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Date:      Mon, 26 Jul 1999 14:07:10 -0500 (CDT)
From:      Joe Greco <jgreco@ns.sol.net>
To:        dillon@apollo.backplane.com (Matthew Dillon)
Cc:        hackers@freebsd.org, freebsd-ipfw@freebsd.org
Subject:   Re: securelevel and ipfw zero
Message-ID:  <199907261907.OAA08989@aurora.sol.net>
In-Reply-To: <199907261847.LAA48202@apollo.backplane.com> from Matthew Dillon at "Jul 26, 1999 11:47:20 am"

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> :Hello,
> :
> :So, I've a box that I have an ipfw ruleset on.  The firewall should not be
> :changeable during runtime, and the box runs at securelevel=3.
> :
> :In order to prevent DoS disk-fill attacks, I also have specified
> :IPFW_VERBOSE_LIMIT.
> :
> :Now, the problem is, in securelevel 3, you cannot zero a rule's counter,
> :so basically once you are up and running, you get to log IPFW_VERBOSE_LIMIT
> :events and then you lose logging (ideally I'd zero nonzero rules once every
> :N minutes).
> :
> :Comments?
> 
>     Playing devil's advocate, someone might be using those counters for
>     accounting purposes.  That's about as worse a scenario as I can think
>     of, and I can't imagine this sort of situation would be prevalient.
> 
>     I'd say that the counters should be clearable at high secure level.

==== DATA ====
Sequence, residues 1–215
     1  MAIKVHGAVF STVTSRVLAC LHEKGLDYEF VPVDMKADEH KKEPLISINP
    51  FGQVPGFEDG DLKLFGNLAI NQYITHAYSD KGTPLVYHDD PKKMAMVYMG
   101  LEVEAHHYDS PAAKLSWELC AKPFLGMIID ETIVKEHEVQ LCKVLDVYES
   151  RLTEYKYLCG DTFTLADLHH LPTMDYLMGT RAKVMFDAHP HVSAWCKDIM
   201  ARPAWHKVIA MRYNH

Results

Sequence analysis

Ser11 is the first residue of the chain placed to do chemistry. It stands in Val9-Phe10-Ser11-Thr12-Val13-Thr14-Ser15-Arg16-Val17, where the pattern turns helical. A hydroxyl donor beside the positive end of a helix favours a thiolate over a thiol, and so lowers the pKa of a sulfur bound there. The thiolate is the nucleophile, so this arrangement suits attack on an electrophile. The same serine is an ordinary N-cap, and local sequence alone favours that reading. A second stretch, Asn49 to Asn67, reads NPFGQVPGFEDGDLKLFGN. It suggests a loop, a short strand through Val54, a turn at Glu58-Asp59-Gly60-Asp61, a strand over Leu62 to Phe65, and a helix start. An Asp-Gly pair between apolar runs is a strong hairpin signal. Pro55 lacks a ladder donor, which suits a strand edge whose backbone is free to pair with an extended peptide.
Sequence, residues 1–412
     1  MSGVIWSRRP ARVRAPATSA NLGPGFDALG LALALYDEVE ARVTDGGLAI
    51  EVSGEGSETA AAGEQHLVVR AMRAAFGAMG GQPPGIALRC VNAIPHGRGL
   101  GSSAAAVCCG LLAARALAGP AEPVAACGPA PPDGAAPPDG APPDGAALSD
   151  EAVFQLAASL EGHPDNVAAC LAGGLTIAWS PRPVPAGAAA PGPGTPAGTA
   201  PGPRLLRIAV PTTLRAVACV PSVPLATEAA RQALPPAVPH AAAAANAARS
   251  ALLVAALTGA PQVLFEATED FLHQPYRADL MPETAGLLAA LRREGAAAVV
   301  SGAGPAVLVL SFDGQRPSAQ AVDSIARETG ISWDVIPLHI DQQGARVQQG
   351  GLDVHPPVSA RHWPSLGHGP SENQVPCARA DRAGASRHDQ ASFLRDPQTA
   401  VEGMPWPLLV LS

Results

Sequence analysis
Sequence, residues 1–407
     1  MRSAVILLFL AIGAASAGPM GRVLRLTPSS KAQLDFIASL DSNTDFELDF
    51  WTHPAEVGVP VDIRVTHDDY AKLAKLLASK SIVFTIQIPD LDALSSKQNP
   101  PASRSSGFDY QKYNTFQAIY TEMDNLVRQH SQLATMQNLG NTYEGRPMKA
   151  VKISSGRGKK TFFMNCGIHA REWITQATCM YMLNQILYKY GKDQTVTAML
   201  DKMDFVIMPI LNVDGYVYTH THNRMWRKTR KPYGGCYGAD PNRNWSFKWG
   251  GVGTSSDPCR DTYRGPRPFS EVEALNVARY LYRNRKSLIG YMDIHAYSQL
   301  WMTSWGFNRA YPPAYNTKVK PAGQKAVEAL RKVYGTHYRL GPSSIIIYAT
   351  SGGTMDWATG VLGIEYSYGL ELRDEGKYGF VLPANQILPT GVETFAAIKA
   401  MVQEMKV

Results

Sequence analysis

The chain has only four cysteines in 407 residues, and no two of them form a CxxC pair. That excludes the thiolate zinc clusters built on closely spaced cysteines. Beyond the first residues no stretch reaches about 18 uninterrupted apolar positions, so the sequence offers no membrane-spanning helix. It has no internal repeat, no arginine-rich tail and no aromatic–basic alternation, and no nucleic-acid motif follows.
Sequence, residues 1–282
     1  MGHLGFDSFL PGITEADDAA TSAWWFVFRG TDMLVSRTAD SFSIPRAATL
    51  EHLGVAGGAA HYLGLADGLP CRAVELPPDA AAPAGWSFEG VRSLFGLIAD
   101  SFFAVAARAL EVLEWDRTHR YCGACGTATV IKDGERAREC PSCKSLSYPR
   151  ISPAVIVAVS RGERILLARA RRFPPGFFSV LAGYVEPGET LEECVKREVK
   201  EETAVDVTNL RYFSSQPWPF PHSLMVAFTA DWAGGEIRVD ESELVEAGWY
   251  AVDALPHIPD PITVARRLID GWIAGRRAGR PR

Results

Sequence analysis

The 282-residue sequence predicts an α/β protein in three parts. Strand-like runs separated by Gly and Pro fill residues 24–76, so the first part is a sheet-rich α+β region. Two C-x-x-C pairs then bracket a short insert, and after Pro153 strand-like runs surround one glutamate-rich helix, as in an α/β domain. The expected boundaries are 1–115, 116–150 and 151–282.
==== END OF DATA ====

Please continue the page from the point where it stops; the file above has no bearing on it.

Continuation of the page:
Then there should be a separate counter for logging purposes...?  I do not
care if the accounting counters do not clear (ever), since things like MRTG
are designed to deal with that situation.  However, it seems bad that you
would not be able to clear your counter for logging purposes, just in case
you actually _did_ mean that you want bad packets to be logged.

I will also note that it would be acceptable, to me at least, to maintain a
global (rather than per-rule) limit for the verbose limit.  In general, I
would think that someone who uses the limit facility is trying to avoid a
DoS style disk-space attack.  Having a per-rule limit means that you
actually have a "IPFW_VERBOSE_LIMIT * number_of_rules_specifying_log" limit
(assuming an attacker exploits multiple rules) rather than a limit of 
"IPFW_VERBOSE_LIMIT".  It also makes it more difficult to code in a bunch
of "log" rules, since your periodic "zero" script has to know the number of
each one, and if you just do an "ipfw zero rule1 rule2 rule3...." then you
get a bunch of

/kernel: ipfw: Entry rule1 cleared.
/kernel: ipfw: Entry rule2 cleared.
/kernel: ipfw: Entry rule3 cleared.

each time you do this.

I would rather see something like

/kernel: ipfw: logging limit reached, suspending.
# /sbin/ipfw zerolog
/kernel: ipfw: logging limit reset, resuming.

I can deal with it (in code) if there is a per-rule log counter as well,
but what you are telling me makes it sound more attractive to have a global
logging counter.

Comments?

... Joe

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Joe Greco - Systems Administrator			      jgreco@ns.sol.net
Solaria Public Access UNIX - Milwaukee, WI			   414/342-4847


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